You should set the final idle speed (Step 6). This time, try to turn the idle speed screw anti-clockwise to the lowest RPM where the chainsaw will idle smoothly without seeming as if the engine will stall. Your chainsaw has now been correctly adjusted and is ready for work.
Benefits of adjusting the chainsaw carburetor
- You will be able to save money on petrol while improving engine performance
- When chopping wood or hedge, a chainsaw with a properly adjusted carburetor will be at its best
- The chainsaw will start and run more quickly and efficiently
- It is an important part of machine maintenance, and it’s recommended that you perform it after 24 hours of operation or when you empty your gas tank
- Chainsaw owners experiencing engine performance or starting issues can easily modify the carburetor to improve the engine responsiveness while extending the life of their power tool
Important things to remember about adjusting chainsaw carburetors
1. Tuning a carburetor
Another key stage that chainsaw owners and enthusiasts should know about is tuning a carburetor. The fuel injector controls the amount of air and gasoline entering the engine, allowing it to run properly. A chainsaw tune-up can make the chainsaw run smoothly and efficiently.
2. Lean running conditions
Lean running or poor speed is among the most common issues that chainsaws face. Lean running can reduce the power of your carving chainsaw, while also causing pre-ignition.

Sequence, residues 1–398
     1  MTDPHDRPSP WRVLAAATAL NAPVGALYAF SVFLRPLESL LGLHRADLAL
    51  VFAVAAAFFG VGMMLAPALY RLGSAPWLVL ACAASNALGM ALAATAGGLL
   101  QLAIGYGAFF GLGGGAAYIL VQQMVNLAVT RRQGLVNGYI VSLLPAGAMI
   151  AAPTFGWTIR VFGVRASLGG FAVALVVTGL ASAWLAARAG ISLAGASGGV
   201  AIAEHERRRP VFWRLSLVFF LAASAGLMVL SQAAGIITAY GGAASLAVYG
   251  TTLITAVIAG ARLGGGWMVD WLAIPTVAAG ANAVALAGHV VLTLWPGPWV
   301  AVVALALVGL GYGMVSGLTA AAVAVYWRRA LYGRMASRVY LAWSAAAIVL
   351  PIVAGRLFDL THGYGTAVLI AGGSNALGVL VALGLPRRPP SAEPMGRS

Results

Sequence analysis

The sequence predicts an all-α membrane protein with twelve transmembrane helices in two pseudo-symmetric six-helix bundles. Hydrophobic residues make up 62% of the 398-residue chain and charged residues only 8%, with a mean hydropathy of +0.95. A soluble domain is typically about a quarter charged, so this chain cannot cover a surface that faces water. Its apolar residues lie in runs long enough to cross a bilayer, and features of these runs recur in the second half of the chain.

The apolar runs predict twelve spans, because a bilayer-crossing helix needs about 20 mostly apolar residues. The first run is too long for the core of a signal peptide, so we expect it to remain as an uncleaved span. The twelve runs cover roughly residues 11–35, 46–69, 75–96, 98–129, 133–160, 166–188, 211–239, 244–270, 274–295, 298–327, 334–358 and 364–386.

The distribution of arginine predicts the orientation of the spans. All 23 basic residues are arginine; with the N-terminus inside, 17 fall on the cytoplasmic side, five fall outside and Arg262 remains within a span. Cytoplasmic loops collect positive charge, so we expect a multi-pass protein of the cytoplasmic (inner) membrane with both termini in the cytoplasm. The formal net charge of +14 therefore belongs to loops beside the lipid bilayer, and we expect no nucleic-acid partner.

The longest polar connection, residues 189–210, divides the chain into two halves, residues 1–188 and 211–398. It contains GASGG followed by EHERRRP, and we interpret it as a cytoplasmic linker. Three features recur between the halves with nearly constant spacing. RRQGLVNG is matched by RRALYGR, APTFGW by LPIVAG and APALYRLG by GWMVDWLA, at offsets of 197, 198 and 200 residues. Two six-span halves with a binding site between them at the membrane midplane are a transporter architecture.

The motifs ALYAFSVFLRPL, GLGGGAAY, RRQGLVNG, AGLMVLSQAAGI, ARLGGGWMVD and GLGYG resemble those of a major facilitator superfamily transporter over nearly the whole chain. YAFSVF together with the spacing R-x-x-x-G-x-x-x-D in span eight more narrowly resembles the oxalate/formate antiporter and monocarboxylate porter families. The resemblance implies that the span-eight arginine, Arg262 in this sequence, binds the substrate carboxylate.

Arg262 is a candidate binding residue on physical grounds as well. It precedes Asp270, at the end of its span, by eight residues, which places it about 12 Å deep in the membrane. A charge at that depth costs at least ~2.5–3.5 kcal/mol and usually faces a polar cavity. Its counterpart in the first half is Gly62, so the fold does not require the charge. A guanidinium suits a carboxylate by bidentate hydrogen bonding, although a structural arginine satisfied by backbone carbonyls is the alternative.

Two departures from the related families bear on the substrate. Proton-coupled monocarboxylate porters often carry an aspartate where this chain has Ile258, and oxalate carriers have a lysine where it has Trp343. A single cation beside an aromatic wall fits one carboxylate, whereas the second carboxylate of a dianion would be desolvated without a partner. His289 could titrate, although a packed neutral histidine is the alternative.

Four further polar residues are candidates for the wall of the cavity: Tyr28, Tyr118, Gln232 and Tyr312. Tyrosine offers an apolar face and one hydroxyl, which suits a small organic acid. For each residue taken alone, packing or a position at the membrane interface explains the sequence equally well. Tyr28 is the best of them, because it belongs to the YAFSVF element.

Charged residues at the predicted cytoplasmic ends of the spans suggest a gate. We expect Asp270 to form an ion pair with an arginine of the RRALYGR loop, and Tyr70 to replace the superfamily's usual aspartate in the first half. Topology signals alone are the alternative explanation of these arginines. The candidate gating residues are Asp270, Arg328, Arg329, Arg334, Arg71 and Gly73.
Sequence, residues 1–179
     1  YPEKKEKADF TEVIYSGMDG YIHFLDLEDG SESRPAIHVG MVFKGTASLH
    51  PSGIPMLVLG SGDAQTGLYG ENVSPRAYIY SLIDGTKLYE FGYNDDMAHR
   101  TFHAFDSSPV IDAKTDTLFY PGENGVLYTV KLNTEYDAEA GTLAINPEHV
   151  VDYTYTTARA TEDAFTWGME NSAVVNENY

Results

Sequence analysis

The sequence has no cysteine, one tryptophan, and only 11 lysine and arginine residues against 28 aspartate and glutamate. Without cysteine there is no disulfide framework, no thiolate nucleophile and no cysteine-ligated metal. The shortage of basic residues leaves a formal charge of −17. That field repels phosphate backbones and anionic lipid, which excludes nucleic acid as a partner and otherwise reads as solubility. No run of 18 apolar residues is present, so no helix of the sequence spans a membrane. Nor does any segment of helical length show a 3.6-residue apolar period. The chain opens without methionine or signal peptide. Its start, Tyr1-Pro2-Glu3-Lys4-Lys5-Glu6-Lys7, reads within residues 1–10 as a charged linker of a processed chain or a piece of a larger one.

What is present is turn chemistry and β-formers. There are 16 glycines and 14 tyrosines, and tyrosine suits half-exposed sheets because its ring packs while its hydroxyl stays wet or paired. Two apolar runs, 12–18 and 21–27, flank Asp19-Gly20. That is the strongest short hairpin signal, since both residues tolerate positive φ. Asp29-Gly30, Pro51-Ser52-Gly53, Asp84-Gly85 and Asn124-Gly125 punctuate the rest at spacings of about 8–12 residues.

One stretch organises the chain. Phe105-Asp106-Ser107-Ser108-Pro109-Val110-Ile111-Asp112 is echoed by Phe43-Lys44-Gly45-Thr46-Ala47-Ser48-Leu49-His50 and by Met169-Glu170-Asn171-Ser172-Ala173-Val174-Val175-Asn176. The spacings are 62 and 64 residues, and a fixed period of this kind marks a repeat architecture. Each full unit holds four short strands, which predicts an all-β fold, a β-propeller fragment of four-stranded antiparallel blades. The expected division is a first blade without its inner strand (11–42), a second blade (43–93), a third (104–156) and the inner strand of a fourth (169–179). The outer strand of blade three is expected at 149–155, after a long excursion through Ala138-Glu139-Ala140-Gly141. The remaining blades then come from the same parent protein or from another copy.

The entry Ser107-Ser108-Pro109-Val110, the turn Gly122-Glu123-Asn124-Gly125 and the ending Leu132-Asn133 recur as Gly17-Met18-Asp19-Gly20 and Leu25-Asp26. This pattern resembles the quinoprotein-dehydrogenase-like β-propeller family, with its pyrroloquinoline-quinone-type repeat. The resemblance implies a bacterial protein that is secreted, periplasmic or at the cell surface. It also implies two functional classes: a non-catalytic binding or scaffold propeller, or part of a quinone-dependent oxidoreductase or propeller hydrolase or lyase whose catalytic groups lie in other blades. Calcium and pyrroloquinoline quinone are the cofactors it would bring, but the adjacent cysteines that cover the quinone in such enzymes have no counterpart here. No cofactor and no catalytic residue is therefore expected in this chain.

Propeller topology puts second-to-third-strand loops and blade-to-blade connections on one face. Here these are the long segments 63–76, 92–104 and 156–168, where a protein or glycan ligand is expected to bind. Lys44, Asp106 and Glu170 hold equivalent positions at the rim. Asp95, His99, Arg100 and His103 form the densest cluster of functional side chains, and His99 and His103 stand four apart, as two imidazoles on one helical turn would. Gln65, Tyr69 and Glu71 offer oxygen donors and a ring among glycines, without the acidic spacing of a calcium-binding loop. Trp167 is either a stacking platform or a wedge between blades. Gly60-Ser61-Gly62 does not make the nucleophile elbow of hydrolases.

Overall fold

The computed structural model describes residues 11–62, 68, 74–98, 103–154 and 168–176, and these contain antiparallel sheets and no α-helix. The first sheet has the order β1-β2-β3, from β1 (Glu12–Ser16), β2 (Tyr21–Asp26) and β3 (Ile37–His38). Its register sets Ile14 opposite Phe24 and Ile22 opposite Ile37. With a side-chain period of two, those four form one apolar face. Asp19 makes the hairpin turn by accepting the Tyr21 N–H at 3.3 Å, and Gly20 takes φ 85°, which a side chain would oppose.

This situation can cause the engine to leanly operate, and it can be caused by a variety of conditions or circumstances like –
- Fuel line that is filthy or obstructing
- An air filter that is a block
- If there’s filthy oil and a chainsaw, you should use the best bar and chain oil for your chainsaw
3. Rich running conditions
Your engine might have problems almost pouring out of the muffler if it is running rich. The fuel mixture can contain too much environment and not enough petrol in the engines. It causes fast-moving smoke to emerge from the muffler or exhaust system. This will result in halting or sluggish performance. Among the different situations, these can cause abundant running –
- Adding water to the fuel mix
- A broken or leaning fuel tank seal
4. Engines having two and four strokes
Gas-powered chainsaws have two types of engines – four-stroke and two-stroke. In the case of a two-stroke motor, it’ll be critical to understanding that you must utilize a gasoline and oil mixture if you want to get your chainsaw up and running. For four-stroke engines, the engine isn’t required to mix gas and oil to function smoothly.
What tools will you need for carburetor adjustment?
The tools needed for carburetor adjustment are – a screwdriver, a socket wrench or crescent wrench, gasoline line pliers, and an Allen wrench.
How often should the fuel mixture lines and air filter be inspected?
Usually, it is recommended that you should examine the fuel mixture lines and air filter after every 24 hours of use, or after you dump the tank to keep the chainsaw well maintained and in a wonderful operating condition. Cleaning these components can easily improve the engine speed performance while helping your chainsaw last longer.
What are H and L on carburetor adjustment?
The letters on the chainsaw carburetor screws represent High (H), Low (L), and Idle (T). The “H” screw is used for regulating the Air/Fuel mixture during high RPMs, whereas the L screw does the same during low RPMs. The T screw will regulate how much fuel gets sent to the carburetor while idling until the throttle is pressed.
How to know if your carburetor needs adjusting?
The engine must rev smoothly and quickly as soon as you start applying throttle. If your chainsaw is displaying any sort of sluggish performance or misfires when you’re applying the throttle, then some more adjustment is needed.